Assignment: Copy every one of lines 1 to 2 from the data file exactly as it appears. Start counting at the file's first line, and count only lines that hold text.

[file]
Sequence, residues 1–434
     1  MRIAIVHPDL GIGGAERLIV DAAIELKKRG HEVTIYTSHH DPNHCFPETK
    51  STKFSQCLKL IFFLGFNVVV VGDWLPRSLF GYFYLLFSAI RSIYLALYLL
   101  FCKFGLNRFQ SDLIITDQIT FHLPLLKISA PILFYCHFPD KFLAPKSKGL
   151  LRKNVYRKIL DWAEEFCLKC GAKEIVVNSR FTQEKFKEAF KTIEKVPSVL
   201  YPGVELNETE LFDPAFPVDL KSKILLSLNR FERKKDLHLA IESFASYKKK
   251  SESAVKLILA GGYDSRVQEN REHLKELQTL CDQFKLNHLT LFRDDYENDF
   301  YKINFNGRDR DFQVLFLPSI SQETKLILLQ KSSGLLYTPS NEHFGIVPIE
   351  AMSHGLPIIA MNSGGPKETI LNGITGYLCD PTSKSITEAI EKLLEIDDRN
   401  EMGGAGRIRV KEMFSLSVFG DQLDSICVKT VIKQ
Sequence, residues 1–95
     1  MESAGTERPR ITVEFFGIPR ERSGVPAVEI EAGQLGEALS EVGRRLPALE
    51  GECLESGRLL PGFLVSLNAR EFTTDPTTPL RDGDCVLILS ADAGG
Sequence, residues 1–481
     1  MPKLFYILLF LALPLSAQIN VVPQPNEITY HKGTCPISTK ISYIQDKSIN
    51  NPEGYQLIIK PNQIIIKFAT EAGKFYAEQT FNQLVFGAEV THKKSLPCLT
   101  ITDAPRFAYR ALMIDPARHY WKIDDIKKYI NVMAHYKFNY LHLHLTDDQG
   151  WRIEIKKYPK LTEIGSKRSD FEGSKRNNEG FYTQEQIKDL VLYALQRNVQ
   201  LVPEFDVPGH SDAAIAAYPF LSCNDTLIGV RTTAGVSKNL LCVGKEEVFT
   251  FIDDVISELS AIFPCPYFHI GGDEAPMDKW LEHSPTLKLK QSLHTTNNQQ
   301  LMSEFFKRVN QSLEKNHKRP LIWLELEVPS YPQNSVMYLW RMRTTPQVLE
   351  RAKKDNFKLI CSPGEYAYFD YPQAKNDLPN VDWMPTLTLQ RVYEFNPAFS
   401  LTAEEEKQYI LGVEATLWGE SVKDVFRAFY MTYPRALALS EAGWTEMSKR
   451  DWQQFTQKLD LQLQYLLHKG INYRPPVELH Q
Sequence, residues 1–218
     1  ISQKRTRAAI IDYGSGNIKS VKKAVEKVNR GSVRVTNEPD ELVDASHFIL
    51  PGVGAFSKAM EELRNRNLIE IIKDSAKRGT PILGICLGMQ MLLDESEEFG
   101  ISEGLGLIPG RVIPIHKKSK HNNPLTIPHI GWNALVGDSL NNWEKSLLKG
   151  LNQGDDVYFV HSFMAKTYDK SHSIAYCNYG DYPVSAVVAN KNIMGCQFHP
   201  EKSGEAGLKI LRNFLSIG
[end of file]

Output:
Sequence, residues 1–434
     1  MRIAIVHPDL GIGGAERLIV DAAIELKKRG HEVTIYTSHH DPNHCFPETK